Elaine Roulet was called to a life of religious service and became a Roman Catholic nun.  She dedicated her life to prison reform for women.  Her basic belief was that children of women in prison shouldn’t be adversely impacted by their mothers’ wrong doings.

She advocated for children born while their mothers were in prison, and that they should be able to remain with their mothers for the first 12-18 months of their lives.  The babies would be able to bond with their mothers, and the mothers would be given hope for a better life after being released from prison.  Sister Roulet also advocated for family rooms where children and mothers could be together when the children returned for visits.  The program that Sister Roulet established became a model for prisons across the country.

Sister Roulet also created Providence House as an organization that established places where battered and abused women could obtain shelter and assistance.  In 1993, Sister Roulet was inducted into the National Women’s Hall of Fame.

Redemption is a central tenet of almost every religion.  The phrase:  “Hate the sin, but love the sinner” is often used to describe our beliefs on redemption.  The concept of redemption is easy to espouse, but hard to practice.  Sister Roulet made redemption a practical reality.  But for many, redemption is often overwhelmed by fear, retribution, and overzealous piety.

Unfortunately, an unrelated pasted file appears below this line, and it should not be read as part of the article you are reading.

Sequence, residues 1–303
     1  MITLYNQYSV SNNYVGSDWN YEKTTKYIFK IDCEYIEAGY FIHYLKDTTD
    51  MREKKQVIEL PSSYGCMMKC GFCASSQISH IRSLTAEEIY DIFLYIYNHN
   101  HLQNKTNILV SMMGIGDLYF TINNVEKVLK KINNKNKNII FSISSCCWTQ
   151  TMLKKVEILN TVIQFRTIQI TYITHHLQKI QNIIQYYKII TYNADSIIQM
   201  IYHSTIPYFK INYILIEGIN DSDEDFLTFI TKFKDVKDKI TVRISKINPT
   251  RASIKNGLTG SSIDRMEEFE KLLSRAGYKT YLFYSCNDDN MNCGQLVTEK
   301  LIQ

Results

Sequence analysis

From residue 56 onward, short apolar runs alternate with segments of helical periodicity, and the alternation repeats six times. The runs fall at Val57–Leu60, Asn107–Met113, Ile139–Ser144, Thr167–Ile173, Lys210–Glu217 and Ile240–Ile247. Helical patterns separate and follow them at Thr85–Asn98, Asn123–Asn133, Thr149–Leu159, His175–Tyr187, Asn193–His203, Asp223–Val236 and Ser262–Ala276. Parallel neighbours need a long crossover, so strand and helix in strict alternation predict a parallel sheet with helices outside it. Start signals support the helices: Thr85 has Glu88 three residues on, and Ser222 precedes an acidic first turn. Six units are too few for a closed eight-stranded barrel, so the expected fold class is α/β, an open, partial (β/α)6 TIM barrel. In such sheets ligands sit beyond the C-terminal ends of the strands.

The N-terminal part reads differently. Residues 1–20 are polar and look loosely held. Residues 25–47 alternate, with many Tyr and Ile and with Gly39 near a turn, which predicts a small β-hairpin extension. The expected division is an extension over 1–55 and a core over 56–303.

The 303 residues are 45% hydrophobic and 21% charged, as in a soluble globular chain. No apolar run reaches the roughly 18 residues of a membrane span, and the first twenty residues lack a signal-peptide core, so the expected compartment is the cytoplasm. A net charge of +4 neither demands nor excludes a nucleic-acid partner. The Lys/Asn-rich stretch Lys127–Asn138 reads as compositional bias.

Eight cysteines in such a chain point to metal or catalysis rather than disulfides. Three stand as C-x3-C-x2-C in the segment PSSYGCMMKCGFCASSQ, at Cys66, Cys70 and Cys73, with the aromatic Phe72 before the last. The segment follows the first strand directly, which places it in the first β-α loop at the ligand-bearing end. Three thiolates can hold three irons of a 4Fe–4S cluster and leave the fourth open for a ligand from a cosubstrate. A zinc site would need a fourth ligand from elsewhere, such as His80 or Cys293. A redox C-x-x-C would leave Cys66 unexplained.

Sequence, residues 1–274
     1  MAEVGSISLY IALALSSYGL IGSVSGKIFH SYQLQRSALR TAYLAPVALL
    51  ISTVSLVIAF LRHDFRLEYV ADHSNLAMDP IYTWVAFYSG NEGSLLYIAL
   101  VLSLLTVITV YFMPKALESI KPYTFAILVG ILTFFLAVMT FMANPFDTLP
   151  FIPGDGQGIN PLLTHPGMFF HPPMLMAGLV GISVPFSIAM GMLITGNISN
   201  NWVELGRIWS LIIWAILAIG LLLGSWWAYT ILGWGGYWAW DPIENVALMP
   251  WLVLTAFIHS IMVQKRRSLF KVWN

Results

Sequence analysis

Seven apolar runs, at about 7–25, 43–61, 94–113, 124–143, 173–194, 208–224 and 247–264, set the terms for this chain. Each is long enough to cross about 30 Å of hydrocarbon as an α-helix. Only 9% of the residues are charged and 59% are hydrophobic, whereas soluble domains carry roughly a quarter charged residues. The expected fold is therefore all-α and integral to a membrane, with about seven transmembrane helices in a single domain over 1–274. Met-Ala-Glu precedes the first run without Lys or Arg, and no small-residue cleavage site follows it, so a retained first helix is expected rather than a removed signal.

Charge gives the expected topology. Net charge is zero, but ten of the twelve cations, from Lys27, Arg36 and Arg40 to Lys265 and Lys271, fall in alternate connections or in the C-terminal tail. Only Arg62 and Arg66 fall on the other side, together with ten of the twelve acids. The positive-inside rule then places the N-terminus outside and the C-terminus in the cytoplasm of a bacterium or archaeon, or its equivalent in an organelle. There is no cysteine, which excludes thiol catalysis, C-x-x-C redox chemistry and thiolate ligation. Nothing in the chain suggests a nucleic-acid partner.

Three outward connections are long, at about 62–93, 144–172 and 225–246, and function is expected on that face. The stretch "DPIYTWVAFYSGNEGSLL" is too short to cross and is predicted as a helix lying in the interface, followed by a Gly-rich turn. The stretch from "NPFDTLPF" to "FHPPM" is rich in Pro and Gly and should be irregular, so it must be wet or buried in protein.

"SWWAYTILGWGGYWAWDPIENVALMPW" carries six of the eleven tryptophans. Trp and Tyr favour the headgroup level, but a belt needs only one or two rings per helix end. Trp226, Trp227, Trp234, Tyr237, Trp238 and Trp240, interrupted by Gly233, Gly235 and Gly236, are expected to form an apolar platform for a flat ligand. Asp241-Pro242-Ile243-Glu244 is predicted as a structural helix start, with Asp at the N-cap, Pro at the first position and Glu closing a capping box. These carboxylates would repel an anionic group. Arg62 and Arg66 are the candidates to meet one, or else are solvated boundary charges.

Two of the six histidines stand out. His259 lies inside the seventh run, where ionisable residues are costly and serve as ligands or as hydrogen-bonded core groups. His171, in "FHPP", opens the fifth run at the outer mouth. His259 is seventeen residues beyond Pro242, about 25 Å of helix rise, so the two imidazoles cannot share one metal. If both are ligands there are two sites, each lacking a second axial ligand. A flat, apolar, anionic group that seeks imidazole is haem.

Redemption is personalized when someone has done something wrong that is directed toward us.  It could be as trivial as malicious gossip.  It could involve bullying.  In other cases, the wrong could be directed to our careers, our families, or our character.

What happens when those who have offended us try to genuinely atone for the wrongs they have done to us or those we love?  Do we believe in redemption in those cases?  Do we have the spirit of forgiveness?  We may find redemption hard to practice.

One thing we know about redemption is that it cleanses the soul.  The nagging resentment is dissipated, and emotional ulcers are cleansed.

Redemption can be opportunistic.  We need to look for opportunities to forgive that are natural and genuine, and not forced.  The one thing we know about these opportunities are that they are there if we just look for them.  Maybe the phrase that would work for all of us is:  “Forgive the past, embrace the future.”

Just imagine if our political bodies could embrace redemption? Our political system has become toxic and our democracy is threatened when personal agendas seem more important than the national good. Just imagine how a national armistice might be initiated and followed after each election? Just imagine how each of us would feel if our national leaders would practice redemption?

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“People find meaning and redemption in the most unusual human connections.”  – Khaled Hosseini (Afghan-American novelist and physician best known for his book, The Kite Runner)

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